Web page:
Preliminary Techno-Economic Study of Optimized Floating Offshore Wind Turbine Substructure
Abstract. Wild fires and excessive floodings have been seasonal climatic changes across the globe in the past decade. The need for clean energy to fight against the climate changes observed as a result of excessive green-house emission over the years is driving the development of the offshore wind sector. This drive is pushing the exploitation of rich wind resources in deep waters with water depth greater than 60 metres requiring a deviation from the commercialized fixed bottom foundation offshore wind technology. Resolving the issue of exploiting rich wind resources requires the use of floating foundation offshore wind technology satisfying stability and durability requirement in any environmental condition.
Floating offshore wind turbines (FOWTs) are still in the pre-commercial stage and although different concepts of FOWTS are being developed, cost is a main barrier to commercializing the FOWT system. This is evidence in the comparison of the CAPEX (capital expenditure) for a fixed bottom platform and a floating platform with the fixed bottom foundation CAPEX representing 13.5 % of the total CAPEX of the system while the floating platform CAPEX represents about 29 % of the total CAPEX of the system leading to an increasing cost.
This article aims to use a shape parameterization technique within a multidisciplinary design analysis and optimization framework to alter the shape of the FOWT platform with the objective of reducing cost. This cost reduction is then implemented in a 30 MW floating offshore wind farm (FOWF) designed based on the static pitch angle constraints (5 degrees, 7 degrees and 10 degrees) used within the optimization framework to estimate the reduction in the levelized cost of energy (LCOE) in comparison to a FOWT platform without any shape alteration – OC3 spar platform design. The optimal platform design variants and the OC3 platform are also deployed in a scaled up 60 MW farm to see the impact of platform geometric shape optimization in a scaled-up scenario.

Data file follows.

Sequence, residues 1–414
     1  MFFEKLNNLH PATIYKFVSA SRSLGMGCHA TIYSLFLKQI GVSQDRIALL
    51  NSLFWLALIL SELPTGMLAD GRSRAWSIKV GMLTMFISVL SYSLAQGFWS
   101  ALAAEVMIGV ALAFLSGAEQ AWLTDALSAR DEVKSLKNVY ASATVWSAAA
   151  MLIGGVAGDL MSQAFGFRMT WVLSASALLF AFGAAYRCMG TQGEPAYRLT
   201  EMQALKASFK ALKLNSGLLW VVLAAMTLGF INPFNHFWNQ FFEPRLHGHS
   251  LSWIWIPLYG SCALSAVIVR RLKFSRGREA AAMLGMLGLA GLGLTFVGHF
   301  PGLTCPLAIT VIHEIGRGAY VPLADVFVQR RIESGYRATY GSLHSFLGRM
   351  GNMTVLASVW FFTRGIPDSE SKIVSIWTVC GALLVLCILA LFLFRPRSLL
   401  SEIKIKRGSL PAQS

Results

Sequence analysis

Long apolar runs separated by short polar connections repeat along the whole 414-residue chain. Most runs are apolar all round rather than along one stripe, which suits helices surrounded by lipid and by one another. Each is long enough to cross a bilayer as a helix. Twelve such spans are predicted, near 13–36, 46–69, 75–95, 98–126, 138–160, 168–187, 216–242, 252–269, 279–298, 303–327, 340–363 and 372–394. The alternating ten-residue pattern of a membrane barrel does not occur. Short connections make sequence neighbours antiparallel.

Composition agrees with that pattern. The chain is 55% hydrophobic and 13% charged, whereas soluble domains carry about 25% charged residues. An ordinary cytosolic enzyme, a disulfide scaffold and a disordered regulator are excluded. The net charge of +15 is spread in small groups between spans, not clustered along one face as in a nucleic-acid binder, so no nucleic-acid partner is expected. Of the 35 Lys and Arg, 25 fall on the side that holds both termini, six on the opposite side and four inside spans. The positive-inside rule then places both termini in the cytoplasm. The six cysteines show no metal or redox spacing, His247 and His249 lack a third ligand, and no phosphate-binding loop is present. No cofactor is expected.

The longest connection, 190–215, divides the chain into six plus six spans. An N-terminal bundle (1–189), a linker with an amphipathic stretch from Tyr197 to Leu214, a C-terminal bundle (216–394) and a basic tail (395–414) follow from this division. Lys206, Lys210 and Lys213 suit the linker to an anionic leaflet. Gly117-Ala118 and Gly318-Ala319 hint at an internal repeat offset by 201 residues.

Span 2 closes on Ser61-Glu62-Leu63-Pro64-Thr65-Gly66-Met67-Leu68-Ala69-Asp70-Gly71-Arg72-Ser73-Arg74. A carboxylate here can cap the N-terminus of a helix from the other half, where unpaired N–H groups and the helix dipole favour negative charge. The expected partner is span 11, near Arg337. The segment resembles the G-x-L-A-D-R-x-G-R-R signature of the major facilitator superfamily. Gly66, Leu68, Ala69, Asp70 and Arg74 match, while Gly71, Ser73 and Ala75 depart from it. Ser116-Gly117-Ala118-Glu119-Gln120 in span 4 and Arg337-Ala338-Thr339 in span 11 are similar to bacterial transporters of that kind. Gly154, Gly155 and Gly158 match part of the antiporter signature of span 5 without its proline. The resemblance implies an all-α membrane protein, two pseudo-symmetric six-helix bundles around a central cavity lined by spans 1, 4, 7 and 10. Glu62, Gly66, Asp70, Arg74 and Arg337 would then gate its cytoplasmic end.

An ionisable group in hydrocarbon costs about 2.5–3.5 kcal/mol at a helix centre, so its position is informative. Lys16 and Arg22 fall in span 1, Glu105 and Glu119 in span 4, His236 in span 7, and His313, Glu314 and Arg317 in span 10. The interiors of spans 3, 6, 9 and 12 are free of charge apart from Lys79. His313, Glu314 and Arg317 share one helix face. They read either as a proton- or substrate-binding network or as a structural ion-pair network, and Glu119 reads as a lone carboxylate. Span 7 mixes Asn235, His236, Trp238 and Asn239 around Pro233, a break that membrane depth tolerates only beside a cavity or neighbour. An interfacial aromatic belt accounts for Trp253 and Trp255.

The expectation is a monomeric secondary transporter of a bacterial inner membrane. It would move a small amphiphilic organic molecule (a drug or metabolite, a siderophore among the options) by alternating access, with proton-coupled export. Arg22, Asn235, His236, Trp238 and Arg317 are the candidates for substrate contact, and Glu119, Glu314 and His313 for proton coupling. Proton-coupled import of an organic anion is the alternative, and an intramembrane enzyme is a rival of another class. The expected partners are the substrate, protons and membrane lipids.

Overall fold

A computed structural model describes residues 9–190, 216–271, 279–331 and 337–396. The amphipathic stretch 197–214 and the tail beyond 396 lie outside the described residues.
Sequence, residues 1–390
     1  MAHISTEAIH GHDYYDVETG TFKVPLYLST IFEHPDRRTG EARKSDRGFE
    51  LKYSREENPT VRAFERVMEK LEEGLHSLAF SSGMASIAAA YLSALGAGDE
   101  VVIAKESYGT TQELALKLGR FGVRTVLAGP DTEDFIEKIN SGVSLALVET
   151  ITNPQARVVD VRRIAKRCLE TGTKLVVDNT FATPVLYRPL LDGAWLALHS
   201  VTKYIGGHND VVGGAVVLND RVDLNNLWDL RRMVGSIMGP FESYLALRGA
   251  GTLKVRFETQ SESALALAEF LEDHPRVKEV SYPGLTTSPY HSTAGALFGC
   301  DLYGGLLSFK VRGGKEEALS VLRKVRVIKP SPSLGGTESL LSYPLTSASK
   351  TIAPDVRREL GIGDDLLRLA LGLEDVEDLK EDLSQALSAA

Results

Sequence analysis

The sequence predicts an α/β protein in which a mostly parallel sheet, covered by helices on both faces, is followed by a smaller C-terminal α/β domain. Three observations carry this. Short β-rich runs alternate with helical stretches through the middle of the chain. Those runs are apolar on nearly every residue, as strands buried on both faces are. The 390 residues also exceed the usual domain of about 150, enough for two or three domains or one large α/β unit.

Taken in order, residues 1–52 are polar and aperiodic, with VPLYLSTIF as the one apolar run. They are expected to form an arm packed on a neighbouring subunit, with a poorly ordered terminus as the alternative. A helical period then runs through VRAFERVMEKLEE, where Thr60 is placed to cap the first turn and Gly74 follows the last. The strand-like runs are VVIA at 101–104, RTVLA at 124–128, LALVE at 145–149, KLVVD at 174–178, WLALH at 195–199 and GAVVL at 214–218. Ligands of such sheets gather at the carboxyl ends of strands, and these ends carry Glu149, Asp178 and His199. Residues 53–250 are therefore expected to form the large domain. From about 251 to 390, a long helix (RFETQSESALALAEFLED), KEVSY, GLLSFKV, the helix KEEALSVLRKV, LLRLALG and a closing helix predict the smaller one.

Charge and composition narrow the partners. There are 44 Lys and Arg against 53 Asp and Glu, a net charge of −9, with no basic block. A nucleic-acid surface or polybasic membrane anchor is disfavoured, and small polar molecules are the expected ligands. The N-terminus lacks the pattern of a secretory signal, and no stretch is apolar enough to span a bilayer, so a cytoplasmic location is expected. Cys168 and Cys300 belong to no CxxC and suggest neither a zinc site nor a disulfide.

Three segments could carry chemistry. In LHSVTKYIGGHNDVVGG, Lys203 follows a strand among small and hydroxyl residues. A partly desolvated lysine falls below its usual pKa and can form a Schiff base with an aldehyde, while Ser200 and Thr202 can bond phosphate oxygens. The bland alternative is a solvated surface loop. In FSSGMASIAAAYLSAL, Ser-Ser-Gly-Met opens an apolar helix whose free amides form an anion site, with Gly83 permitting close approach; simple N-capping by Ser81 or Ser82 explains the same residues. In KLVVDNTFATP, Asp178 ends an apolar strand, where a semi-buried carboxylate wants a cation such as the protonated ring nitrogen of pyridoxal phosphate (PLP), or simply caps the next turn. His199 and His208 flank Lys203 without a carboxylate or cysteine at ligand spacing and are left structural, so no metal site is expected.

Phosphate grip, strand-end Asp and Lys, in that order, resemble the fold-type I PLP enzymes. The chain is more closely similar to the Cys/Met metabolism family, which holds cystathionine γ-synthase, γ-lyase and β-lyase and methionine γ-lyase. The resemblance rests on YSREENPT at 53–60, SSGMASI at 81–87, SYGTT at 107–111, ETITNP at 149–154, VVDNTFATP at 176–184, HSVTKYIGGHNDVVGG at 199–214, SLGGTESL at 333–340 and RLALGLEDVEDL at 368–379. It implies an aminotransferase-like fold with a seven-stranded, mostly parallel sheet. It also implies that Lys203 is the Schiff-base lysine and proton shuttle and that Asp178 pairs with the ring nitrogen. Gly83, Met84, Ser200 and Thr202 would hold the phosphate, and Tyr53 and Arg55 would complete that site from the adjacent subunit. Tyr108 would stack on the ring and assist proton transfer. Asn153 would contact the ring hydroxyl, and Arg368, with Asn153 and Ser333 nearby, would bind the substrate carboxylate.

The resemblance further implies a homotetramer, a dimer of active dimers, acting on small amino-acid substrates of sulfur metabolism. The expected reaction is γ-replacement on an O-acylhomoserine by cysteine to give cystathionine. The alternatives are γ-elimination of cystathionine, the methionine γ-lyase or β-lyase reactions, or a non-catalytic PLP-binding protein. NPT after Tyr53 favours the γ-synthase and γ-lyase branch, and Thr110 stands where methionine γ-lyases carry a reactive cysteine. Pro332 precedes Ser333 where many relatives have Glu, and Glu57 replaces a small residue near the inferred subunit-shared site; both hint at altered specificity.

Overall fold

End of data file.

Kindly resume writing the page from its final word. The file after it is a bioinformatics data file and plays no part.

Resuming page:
Key finding in this work shows that an optimal shape alteration of the platform design that satisfies the design requirements, objectives and constraints set within the MDAO framework contributes to significantly reducing the CAPEX cost and the LCOE in the 30 MW floating wind farm. This is due to the reduction in the required platform mass for hydrostatic stability when the static pitch angle is increased. The FOWF designed with a 10 degrees static pitch angle constraint provided the lowest LCOE value while the FOWF designed with a 5 degrees static pitch angle constraint provided the largest LCOE value barring the FOWT designed with the OC3 dimension which is over designed and over dimensioned. The total cost and LCOE is further reduced in a scaled up 60 MW farm for each design assessed. This further reduction is due to combination of the geometric shape parameterization and optimization of the platform with the economics of scale of the wind farm.
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